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Virtual reality fails to ease pain during operative hysteroscopy: Study
Virtual reality (VR) techniques are applied to combine sound and visual perception techniques to ease pain during clinical procedures. It is reported that pain ratings drop significantly lower when patients were immersed in Virtual reality (VR) however lack of data to back up its reliability. 34.8% of patients who undergo diagnostic hysteroscopy without anesthesia reported severe...
Virtual reality (VR) techniques are applied to combine sound and visual perception techniques to ease pain during clinical procedures. It is reported that pain ratings drop significantly lower when patients were immersed in Virtual reality (VR) however lack of data to back up its reliability. 34.8% of patients who undergo diagnostic hysteroscopy without anesthesia reported severe pain.
A randomized trial by Yuval Fouks and team has revealed that Visual and acoustic virtual reality (VR) doesn't help in reducing pain during an outpatient operative hysteroscopy.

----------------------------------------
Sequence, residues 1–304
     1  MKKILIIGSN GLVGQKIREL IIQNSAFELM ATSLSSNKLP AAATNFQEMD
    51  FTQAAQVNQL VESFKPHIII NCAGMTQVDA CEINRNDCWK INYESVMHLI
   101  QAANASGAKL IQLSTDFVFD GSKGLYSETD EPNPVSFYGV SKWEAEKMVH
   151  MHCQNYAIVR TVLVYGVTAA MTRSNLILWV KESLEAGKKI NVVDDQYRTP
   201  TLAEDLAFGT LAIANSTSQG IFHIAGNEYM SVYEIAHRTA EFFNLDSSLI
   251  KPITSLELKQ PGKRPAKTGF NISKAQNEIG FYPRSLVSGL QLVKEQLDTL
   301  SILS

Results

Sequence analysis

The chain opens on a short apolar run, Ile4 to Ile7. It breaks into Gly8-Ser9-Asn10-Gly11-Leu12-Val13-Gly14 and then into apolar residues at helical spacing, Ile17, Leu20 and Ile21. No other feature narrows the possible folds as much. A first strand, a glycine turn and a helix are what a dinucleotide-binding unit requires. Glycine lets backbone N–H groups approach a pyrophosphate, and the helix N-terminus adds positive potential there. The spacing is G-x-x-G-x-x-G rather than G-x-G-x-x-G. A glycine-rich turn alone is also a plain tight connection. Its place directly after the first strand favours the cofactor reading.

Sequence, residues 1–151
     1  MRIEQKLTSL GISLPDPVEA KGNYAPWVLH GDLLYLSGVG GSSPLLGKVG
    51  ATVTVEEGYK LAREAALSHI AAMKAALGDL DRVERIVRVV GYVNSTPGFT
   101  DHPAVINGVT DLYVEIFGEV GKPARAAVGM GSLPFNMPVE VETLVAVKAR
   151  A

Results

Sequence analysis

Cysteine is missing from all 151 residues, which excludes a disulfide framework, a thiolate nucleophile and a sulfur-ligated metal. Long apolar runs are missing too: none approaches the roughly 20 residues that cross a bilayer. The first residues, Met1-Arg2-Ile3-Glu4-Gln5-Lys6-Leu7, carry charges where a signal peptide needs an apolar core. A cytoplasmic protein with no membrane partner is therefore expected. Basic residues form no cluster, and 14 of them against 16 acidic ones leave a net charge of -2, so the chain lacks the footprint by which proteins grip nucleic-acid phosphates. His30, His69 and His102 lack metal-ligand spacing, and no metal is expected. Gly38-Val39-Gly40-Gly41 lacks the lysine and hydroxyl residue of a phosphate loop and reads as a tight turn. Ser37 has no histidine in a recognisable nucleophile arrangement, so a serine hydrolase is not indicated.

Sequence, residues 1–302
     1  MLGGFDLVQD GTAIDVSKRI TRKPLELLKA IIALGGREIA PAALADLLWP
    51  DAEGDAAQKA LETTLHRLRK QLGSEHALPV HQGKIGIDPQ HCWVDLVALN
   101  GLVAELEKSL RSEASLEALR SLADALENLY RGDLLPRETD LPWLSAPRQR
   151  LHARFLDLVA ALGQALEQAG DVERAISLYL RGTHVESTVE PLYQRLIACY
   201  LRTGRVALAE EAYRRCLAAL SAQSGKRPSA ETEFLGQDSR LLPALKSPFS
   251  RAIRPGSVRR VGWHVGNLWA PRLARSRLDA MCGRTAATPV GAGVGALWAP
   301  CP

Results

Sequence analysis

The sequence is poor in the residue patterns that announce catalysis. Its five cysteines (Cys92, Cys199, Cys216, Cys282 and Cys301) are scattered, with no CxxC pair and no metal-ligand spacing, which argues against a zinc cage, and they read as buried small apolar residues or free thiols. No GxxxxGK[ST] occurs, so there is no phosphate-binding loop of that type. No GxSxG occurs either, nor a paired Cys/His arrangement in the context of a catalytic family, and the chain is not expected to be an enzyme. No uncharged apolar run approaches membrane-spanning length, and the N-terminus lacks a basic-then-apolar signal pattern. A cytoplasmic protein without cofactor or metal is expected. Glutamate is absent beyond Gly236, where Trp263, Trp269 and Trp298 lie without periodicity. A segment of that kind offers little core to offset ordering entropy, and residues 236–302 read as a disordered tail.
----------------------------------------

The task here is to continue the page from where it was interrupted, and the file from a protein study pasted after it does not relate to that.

The findings of the study are published in European Journal of Pain.
The objective of the study was to evaluate the effectiveness of VR as a distraction technique in the management of acute pain during operative hysteroscopy in the outpatient setting.
The study was a prospective, open-label, randomized control trial conducted in a tertiary university-affiliated medical center between April to August 2020. Overall, 82 women were randomly allocated to undergo operative hysteroscopy either with the use of VR (n = 44, study group) or with standard treatment (control group, n = 38). VR was applied throughout the procedure and no anesthesia was given. The primary outcome measures included self-reported intraoperative pain. Other objectives included vital parameters as pulse rate (PR) and respiratory rate (RR) before and during the first 3 minutes of the procedure. Pain and anxiety outcomes were measured as numeric rating scores.
The results of the study were
• The baseline parameters were similar between groups. The mean duration for the procedure was 8.1 ±3.2 vs. 7.3± 6.0 minutes for the study and the control groups (p = 0.23).
• There were no statistically significant differences between the reported pain scores during the procedure [median (interquartile range) 5.0 (3.0-7.2) vs 5.0 (3.0-8.0), respectively; P = .67].
• While neither intraoperative heart rate nor respiratory rate differed between groups [14.0 (13.0-16.0) vs 14.0 (11.0-16.5); P = .77)], the increase of heart rate was found greater in the VR group [+7.0 (8.5) vs. +1.0 (12.2); P = .01].
Fouks and team concluded that "VR was not effective in reducing pain during an outpatient operative hysteroscopy."
Reference: doi: 10.1002/ejp.1882.
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